By July, I had several files on my computer stuffed with all the things I had put aside to read. But every time I started in on a journal article, I’d abandon ship to go work on my novel, an academic article, or some other kind of writing.
Witches, demons, vampires, jack-o-lanterns and werewolves–that’s how I got stuff done.
I’d close my email, put my phone on flight mode, and read until the timer went off. Then I got a nifty sticker at the end of it: a visual representation of my progress.
#3 / Fewer parameters, more doey-doey
Confession, I fully stole this one from VE Schwab.
It’s pretty simple.
Aim to have as few parameters around your writing as possible.
Ideally, I’d love to write in my home office, on a clean desk, with a candle burning, and a large pot of chai at my side while listening to a looped recording of rain sounds. I’d have hours of open time ahead of me. I’d have nowhere to be and nothing else to do. Bonus points for fresh flowers, a new notepad, and snazzy pens. Double bonus points if the house is empty and free of distraction.
If I actually needed all of these things to write, I’d be lucky to get one session in every fortnight.
There are only a few things I need to write: a laptop + a bit of time + a drink.
Though some white noise would be nice too.
# 4 / Letting go of scheduling everything
Honestly, it took me a while to let go of scheduling my days.
I fought this one so hard.
It drove me nuts that I couldn’t start my workday before 9 a.m (I adore working from 7a.m-3p.m), but with my partner now at home, making that happen felt very difficult. So, I chose to adjust my schedule so that we have longer mornings together before we go off to our respective offices.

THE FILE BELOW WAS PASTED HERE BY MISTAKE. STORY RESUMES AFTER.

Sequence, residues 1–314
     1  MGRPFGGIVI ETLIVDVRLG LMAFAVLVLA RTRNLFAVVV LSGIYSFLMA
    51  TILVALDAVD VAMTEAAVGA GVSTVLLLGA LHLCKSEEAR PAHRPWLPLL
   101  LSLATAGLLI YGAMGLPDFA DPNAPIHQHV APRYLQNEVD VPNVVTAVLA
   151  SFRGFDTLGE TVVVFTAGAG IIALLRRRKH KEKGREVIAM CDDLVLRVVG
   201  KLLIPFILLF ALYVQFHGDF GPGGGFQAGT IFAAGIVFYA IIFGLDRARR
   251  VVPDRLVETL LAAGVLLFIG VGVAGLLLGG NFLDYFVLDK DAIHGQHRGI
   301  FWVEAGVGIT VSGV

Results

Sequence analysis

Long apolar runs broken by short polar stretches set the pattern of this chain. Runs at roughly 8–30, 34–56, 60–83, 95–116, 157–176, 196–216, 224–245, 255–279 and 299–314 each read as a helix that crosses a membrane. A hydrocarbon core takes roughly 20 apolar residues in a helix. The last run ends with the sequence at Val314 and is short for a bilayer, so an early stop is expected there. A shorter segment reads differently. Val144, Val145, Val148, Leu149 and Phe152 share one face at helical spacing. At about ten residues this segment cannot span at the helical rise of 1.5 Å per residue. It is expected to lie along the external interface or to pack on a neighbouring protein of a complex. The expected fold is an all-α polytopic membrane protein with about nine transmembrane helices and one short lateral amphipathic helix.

I’ve found my place in this new rhythm, though I’d be lying if I said there weren’t still days when I’m tapping my foot under the kitchen table, desperate to finish breakfast so I can sneak off and do my work, and it’s only 7:30 a.m.
And yet, there is something wonderful about front-loading my day with all the pleasant activities I used to reserve for the late afternoon and evening.
#5 / Experimenting with my routine
This one was HUGE for me.
For the longest time, I’ve believed that I could only write in the mornings (see habit number #3!).
I am a morning person. By 5 p.m. I am so done with everything.
However, for the longest time, I thought that writing in the afternoon was so painful that I may as well write the day off by sliding my to-dos over to the following day.
Then I started teaching for the first time and picking up extra bits of freelance work. I started helping out at a function centre when they needed an extra set of hands; started a book club; joined a few committees at my university; and all of a sudden, it became very difficult to keep every morning, Monday-Friday, free of appointments.
I had to become flexible.
How did I do this?
- I made the decision.
- I set a timer.
- I bought some cool stickers.
- I was gentle with myself; I lowered my expectations. I didn’t have to write one thousand words in one hour, but I did have to write, free of distraction.
Of course, I wish 2020 played out differently, but it didn’t.
While many of these changes were unwelcomed in the beginning, now I am grateful for the new habits that I’ve established.
Now, I’d love to hear from you. What new habits or changes did you make to your writing life in 2020 that you’d like to carry over into the new year? Leave a comment below and tell me all about it.